Transformer Specification Language:
A System for Generating Analyzers and its Applications

Junghee Lim
University of Wisconsin

As computers have become a pivotal component of daily lives, computer safety, reliability, and security issues have become enormously important. A considerable amount of recent research in program analysis and software engineering has been carried out on techniques and tools for finding software bugs and security vulnerabilities, and on checking computer-safety properties. Most of this research has focused on analyzing source code. Recently, machine-code analysis has begun to receive great attention both because source code is often unavailable and because there can be mismatches in various ways between source code and the machine code generated from the source code.

The tools and techniques for analyzing machine code are, in principle, language-independent. However, their implementations are often tied to one specific instruction set. Retargeting them to another instruction set can be an expensive and error-prone process. This dissertation describes a system that I developed, called TSL (for ``Transformer Specification Language'') that provides a systematic solution to the problem of creating retargetable tools for analyzing machine-code. The TSL system is a meta-tool, or tool generator, that automatically creates different abstract interpreters for machine-code instruction sets. The system addresses the problem of supporting multiple instruction sets by providing a YACC-like mechanism for creating key components of machine-code analyzers. The TSL system takes a single, unified description of the concrete operational semantics of an instruction set, which is specified in TSL, a strongly typed, first-order functional language, and automatically creates implementations of different abstract interpreters for the given instruction set.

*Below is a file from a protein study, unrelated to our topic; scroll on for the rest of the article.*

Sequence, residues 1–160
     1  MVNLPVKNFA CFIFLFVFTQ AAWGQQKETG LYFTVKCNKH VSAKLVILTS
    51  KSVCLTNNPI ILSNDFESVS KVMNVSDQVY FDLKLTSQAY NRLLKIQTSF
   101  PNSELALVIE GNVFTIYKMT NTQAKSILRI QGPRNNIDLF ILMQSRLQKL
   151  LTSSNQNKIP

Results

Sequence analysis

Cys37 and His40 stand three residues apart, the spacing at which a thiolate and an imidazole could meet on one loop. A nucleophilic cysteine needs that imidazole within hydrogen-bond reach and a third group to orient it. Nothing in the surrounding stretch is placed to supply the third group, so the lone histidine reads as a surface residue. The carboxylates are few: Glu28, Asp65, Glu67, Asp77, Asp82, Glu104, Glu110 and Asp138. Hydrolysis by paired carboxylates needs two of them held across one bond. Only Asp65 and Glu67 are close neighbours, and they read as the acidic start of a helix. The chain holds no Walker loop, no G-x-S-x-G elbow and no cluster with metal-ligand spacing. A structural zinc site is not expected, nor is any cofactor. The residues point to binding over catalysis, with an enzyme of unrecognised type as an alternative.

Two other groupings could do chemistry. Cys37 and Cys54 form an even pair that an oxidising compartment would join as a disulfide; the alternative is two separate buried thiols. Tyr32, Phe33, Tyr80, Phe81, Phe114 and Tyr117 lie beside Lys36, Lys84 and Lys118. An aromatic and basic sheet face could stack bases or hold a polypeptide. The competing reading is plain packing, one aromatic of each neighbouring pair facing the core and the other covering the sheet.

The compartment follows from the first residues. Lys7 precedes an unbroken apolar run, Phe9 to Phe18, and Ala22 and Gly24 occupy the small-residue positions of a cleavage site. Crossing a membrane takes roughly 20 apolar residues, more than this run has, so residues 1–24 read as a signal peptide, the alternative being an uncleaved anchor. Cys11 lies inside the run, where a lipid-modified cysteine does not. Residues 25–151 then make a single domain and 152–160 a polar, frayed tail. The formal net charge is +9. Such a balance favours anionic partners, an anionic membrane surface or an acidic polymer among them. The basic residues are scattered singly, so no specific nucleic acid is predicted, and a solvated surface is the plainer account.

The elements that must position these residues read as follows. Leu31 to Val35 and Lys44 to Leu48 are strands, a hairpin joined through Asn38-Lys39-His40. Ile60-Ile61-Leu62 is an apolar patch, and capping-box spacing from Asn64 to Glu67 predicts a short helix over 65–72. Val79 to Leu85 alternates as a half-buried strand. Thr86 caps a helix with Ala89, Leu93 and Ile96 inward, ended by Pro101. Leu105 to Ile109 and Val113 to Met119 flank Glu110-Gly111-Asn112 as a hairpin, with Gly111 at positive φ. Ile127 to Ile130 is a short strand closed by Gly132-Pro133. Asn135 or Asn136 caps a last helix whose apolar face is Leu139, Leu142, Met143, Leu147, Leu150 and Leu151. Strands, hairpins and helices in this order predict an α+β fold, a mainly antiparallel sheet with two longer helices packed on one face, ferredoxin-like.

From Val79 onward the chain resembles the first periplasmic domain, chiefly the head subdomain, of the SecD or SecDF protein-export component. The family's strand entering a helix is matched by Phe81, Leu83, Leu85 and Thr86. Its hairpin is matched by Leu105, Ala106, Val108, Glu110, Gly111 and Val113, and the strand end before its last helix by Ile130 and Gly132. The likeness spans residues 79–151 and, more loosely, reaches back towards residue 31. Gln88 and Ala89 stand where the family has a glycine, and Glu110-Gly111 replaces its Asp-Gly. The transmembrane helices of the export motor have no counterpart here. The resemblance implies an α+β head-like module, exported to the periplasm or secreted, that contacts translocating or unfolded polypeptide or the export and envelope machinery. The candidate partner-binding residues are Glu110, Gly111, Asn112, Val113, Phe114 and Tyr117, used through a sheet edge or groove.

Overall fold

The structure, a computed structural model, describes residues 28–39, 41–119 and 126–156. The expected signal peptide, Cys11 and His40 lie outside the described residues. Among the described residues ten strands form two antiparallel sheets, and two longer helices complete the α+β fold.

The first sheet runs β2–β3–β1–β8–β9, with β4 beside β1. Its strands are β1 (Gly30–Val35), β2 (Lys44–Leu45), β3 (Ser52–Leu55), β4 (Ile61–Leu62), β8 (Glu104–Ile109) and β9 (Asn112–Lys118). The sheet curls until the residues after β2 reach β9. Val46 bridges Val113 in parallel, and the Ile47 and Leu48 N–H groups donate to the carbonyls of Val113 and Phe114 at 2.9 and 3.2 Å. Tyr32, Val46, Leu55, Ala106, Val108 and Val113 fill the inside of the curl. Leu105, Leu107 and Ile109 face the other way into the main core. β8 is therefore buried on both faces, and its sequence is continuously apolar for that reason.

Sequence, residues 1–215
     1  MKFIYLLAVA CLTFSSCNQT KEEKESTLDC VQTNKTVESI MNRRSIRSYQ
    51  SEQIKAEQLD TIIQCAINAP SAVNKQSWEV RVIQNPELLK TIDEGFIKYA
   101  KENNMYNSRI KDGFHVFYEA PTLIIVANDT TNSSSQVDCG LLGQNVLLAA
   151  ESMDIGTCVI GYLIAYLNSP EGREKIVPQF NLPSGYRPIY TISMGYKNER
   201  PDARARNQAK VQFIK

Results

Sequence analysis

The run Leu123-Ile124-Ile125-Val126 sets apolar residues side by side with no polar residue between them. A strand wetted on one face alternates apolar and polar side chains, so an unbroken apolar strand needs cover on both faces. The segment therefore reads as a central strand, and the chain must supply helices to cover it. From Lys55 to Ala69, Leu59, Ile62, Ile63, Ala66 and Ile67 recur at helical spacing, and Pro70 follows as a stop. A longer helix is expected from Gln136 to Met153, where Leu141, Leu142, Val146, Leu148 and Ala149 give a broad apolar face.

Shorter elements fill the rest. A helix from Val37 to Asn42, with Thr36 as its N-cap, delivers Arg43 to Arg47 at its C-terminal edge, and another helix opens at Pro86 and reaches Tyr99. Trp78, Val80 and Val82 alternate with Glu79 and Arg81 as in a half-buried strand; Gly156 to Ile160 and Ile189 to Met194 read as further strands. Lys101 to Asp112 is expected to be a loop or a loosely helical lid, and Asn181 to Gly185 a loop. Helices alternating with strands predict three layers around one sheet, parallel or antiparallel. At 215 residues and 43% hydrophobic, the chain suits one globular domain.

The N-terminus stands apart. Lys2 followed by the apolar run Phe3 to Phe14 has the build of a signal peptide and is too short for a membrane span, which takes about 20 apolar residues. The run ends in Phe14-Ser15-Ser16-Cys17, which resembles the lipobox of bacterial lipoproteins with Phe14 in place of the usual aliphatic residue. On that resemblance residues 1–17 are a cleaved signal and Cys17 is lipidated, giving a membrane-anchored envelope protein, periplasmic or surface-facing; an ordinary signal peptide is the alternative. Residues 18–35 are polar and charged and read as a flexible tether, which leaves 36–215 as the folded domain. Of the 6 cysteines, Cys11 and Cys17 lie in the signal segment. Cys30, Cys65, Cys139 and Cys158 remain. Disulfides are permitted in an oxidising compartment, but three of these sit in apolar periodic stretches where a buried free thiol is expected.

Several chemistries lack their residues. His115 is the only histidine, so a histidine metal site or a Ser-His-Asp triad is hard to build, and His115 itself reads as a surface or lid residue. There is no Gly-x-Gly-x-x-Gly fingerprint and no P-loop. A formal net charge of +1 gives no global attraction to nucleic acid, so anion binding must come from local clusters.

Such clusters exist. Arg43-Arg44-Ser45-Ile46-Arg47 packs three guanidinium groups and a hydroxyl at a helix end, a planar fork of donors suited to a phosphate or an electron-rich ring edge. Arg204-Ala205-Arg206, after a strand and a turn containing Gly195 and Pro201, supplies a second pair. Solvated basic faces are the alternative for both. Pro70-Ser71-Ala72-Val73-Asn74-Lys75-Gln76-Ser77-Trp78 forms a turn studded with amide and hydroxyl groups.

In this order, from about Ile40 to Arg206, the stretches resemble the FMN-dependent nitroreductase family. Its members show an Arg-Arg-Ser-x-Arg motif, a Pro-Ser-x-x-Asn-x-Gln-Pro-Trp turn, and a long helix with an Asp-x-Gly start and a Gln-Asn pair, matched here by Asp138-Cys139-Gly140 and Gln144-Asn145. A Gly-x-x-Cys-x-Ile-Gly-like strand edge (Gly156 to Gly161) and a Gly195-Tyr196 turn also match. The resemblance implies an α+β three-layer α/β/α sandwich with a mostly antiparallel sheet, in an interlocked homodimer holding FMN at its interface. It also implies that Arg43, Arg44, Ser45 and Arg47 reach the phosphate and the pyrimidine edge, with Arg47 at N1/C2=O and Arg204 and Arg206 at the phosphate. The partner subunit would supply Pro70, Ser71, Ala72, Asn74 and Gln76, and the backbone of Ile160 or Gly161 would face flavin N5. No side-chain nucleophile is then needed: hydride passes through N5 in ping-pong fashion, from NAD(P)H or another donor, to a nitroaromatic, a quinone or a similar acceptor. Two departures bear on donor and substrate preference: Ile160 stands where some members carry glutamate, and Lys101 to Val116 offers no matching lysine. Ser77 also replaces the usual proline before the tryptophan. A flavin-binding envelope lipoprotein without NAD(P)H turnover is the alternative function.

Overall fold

TSL provides a fixed set of base-types and operators, as well as map-types with map-access and (applicative) map-update operations. The TSL compiler generates a common intermediate representation that allows the meanings of the input-language constructs to be redefined by supplying alternative interpretations of the base-types, map-types, and the operations on them (``semantic reinterpretation''). Because all the abstract operations are defined at the meta-level, a semantic reinterpretation is independent of any given instruction set defined in TSL. Therefore, each implementation of an analysis component's driver serves as the unchanging driver for use in different instantiations of the analysis component for different instruction sets. The TSL language becomes the specification language for retargeting that analysis component to different instruction sets.

As an application of the TSL system, we developed a novel way of applying semantic reinterpretation to automatically create symbolic-analysis primitives for symbolic evaluation, weakestliberal precondition, and symbolic composition. Furthermore, using the TSL system, as well as the TSL-generated symbolic-analysis primitives, we developed a machine-code verification tool, called MCVETO, and a concolic-execution-based program-exploration tool, called BCE.

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